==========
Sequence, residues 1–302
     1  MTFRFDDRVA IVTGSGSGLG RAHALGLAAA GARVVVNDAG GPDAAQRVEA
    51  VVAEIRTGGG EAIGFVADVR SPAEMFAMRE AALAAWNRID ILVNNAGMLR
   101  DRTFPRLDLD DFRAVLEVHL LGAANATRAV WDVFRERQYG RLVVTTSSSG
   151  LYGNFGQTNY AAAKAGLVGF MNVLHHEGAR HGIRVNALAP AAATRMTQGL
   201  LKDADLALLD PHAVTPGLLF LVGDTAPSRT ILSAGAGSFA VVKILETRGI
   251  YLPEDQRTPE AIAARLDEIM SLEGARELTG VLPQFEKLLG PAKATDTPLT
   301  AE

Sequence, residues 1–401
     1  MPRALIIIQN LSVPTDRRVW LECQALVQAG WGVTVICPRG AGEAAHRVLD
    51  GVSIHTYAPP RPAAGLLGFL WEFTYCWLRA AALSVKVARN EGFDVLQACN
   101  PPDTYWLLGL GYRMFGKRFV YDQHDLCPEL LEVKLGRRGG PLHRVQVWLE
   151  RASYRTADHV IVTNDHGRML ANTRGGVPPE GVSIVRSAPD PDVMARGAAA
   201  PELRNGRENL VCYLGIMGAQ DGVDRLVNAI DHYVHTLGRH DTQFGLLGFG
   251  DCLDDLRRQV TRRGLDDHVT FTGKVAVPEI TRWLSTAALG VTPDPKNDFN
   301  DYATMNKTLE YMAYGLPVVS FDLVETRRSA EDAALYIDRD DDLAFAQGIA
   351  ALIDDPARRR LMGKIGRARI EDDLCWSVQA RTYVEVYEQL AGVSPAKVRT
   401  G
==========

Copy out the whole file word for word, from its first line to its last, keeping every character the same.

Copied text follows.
Sequence, residues 1–302
     1  MTFRFDDRVA IVTGSGSGLG RAHALGLAAA GARVVVNDAG GPDAAQRVEA
    51  VVAEIRTGGG EAIGFVADVR SPAEMFAMRE AALAAWNRID ILVNNAGMLR
   101  DRTFPRLDLD DFRAVLEVHL LGAANATRAV WDVFRERQYG RLVVTTSSSG
   151  LYGNFGQTNY AAAKAGLVGF MNVLHHEGAR HGIRVNALAP AAATRMTQGL
   201  LKDADLALLD PHAVTPGLLF LVGDTAPSRT ILSAGAGSFA VVKILETRGI
   251  YLPEDQRTPE AIAARLDEIM SLEGARELTG VLPQFEKLLG PAKATDTPLT
   301  AE

Sequence, residues 1–401
     1  MPRALIIIQN LSVPTDRRVW LECQALVQAG WGVTVICPRG AGEAAHRVLD
    51  GVSIHTYAPP RPAAGLLGFL WEFTYCWLRA AALSVKVARN EGFDVLQACN
   101  PPDTYWLLGL GYRMFGKRFV YDQHDLCPEL LEVKLGRRGG PLHRVQVWLE
   151  RASYRTADHV IVTNDHGRML ANTRGGVPPE GVSIVRSAPD PDVMARGAAA
   201  PELRNGRENL VCYLGIMGAQ DGVDRLVNAI DHYVHTLGRH DTQFGLLGFG
   251  DCLDDLRRQV TRRGLDDHVT FTGKVAVPEI TRWLSTAALG VTPDPKNDFN
   301  DYATMNKTLE YMAYGLPVVS FDLVETRRSA EDAALYIDRD DDLAFAQGIA
   351  ALIDDPARRR LMGKIGRARI EDDLCWSVQA RTYVEVYEQL AGVSPAKVRT
   401  G